Dialogue is not dead
Letter to the Editor | Sunday, February 18, 2007
I would like to thank and congratulate all of the academic departments that truly understand the importance and meaning of academic freedom, and in particular, those that chose to not sponsor “The Vagina Monologues” this year.An Observer editorial published this past Friday (“After debate, inaction can’t continue,” Feb. 16) lamented the decisions of these departments in regards to the “Monologues.” The editorial expressed a sense of confusion as to why “departments wouldn’t fully exercise the right they fought so hard to protect.” This confusion, I believe, stems from a misunderstanding of both the nature of freedom and of academic departments. The meaning of freedom is not the obligation of people to slander and disrespect each other, or bombard their community with “controversy” that makes exciting headlines. The meaning of freedom is far deeper and more beautiful than that.Freedom, which is grounded in reason, contains its meaning only when used in the pursuit of truth; and it is only within truth that we become truly free. Universities and academic departments within them are founded so that this quest may be pursued. Here at Notre Dame, we understand that the truth we pursue in freedom is God, whom we come to know through both faith and reason. Because of the knowledge which has been given to us by revelation, we follow the teaching of the Catholic Church and pay due respect to its sacred teaching and tradition. Therefore, the editorial’s statement “It doesn’t matter what people think of the ‘Monologues,’ or ‘Qlassics,’ or any other student-run event that presents ideas in opposition to Church teaching. It just matters that they think about them,” is false.The University is a place of formation where young men and women come seeking the assistance of learned professors in order to pursue the truth in each of their academic fields, from engineering to English. The issues should not be simply “thought about” as one thinks of grabbing some fro-yo on the way out of the dining hall, but rather that one carefully considers them in light of what we know so that the truth may be better grasped. Thus, academic excellence and freedom enter into the University. Each department must focus itself within its own discipline and understand that it is there that true freedom lies and not in the wanton spending of funds and time on events ill-suited to their mission of pursuing the highest and ultimate truth.It is true that discussion of issues makes Notre Dame a vibrant place. The editorial correctly noted “As he issued his closing statement last spring, Jenkins commended students and faculty members for engaging in thoughtful, concerned debate.” But then it added, “Unfortunately, that debate now seems to be lost.” That, however, is far from the truth. There are daily opportunities to continue that dialogue. Groups formerly opposed to each other, such as Feminist Voice, Right to Life, the Identity Project of Notre Dame and Sustained Dialogue have come together on a number of occasions to continue fruitful debate and also to reach out of themselves to make a positive impact on the broader community.I would like to invite anyone interested in discussing these topics to contact one of these groups. I may suggest attending the Edith Stein Conference Feb. 23-24 to learn about women’s issues. Or contact Emily Weisbecker to interview for next year’s “Loyal Daughters.” Join Sustained Dialogue – perhaps the most “vibrant” group from The Observer’s perspective since it brings together people from “both sides” to debate and discuss a number of issues. Mark your calendars for the Right to Life Conference April 13-14 to discuss human sexuality.The University is not hurt in the slightest by the invisibility of the “Monologues” this year. I could fill this entire newspaper with opportunities for vibrant dialogue which have all proven more fruitful than the viewing of an explicit stage production year after year. The dialogue does continue, in a civilized, educated and reasonable fashion every day. Rather than sitting in a plush theatre seat you can actively discuss with your peers and professors. You can volunteer by working at one of the local women’s centers. You can personally step forward and be a part of these issues. I would invite you all to participate with us. It is not hard to get involved, and it will be rewarding.Perhaps we do not scream and sling mud at each other, but this is not the proper form of debate at a premier academic institution. If that is what you wish for, then I respectfully suggest you consider transferring to another school.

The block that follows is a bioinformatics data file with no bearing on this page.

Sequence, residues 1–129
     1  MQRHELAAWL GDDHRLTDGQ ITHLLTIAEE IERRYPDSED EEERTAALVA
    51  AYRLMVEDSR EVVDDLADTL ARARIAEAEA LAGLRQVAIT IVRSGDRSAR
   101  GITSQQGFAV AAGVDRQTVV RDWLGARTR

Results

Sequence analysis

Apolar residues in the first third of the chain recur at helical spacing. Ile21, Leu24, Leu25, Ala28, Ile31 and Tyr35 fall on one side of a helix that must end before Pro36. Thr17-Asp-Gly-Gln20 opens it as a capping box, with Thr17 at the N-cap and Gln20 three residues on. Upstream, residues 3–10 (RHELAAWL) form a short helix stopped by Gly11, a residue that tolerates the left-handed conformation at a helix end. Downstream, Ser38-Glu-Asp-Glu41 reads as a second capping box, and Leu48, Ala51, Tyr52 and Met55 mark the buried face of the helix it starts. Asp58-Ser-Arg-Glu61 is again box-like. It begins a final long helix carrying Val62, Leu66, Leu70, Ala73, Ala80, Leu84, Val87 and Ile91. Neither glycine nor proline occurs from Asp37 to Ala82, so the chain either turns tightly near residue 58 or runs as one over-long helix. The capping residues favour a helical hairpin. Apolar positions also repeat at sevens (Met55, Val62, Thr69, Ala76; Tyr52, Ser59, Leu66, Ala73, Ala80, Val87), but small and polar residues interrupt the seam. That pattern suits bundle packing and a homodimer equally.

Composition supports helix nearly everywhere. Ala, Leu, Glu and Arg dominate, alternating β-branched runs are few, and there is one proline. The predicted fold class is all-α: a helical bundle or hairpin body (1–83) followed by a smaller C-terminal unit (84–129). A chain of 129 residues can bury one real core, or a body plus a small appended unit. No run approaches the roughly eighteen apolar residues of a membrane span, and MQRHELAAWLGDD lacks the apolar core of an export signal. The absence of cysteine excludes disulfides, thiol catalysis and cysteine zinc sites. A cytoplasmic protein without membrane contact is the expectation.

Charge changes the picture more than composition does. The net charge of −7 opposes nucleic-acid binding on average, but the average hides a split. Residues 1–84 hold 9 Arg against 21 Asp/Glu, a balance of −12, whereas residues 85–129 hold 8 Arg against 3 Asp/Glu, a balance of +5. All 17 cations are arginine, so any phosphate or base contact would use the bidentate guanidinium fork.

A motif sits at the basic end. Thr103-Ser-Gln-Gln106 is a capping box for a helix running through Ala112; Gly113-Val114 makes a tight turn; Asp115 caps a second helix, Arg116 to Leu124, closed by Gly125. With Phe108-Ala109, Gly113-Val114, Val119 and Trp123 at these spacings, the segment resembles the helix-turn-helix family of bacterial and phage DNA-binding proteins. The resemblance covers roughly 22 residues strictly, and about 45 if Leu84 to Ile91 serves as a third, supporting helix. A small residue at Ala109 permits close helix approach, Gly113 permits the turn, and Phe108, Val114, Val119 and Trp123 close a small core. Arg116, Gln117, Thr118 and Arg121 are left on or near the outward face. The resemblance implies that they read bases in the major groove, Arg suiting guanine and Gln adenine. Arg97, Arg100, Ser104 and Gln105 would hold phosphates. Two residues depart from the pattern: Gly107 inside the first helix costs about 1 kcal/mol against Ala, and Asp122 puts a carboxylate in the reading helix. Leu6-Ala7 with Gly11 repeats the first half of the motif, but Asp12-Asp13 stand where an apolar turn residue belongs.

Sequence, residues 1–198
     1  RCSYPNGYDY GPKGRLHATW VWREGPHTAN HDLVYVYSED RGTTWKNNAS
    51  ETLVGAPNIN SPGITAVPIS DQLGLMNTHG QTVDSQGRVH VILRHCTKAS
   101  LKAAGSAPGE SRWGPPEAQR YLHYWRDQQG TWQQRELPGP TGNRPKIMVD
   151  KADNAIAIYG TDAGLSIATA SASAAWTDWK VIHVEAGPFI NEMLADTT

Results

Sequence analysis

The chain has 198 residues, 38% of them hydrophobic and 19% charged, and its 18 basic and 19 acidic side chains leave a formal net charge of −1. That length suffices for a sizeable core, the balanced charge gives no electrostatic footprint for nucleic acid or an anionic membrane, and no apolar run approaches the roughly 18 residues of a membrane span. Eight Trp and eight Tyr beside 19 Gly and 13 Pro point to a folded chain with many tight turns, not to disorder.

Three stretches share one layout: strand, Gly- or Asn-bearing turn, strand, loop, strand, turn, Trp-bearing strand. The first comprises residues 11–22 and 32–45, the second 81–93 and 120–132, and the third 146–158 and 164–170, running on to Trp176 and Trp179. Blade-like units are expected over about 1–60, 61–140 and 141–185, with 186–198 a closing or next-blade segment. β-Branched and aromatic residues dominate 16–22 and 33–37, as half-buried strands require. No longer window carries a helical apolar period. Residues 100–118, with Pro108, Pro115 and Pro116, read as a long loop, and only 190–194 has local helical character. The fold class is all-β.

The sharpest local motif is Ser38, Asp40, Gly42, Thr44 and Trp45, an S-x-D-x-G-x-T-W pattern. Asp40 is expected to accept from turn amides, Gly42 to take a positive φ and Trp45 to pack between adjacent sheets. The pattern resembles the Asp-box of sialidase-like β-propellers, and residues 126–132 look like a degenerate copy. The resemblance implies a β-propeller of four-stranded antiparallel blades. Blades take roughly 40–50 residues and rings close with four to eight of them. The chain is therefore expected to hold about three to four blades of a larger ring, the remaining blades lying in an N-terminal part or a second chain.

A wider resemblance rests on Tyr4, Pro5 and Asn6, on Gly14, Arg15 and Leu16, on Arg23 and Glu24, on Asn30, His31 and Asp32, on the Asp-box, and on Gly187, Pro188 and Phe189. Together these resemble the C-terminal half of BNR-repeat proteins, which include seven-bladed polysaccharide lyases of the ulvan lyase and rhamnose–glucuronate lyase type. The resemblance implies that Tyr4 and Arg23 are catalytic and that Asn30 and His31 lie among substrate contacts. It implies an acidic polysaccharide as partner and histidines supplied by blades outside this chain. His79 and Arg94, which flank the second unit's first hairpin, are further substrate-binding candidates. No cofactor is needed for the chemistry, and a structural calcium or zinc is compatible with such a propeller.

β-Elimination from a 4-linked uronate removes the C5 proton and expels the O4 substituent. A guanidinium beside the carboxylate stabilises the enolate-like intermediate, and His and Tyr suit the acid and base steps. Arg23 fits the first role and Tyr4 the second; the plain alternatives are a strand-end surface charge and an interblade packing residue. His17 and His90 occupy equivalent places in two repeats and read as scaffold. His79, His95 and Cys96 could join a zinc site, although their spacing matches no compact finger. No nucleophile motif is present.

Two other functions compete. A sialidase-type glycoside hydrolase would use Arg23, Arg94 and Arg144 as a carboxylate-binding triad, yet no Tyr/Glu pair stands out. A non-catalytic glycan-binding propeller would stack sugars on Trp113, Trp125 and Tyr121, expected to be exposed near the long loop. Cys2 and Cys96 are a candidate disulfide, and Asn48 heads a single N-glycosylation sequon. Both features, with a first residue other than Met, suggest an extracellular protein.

Mary Walterpresident, ND Right to LifeFeb. 18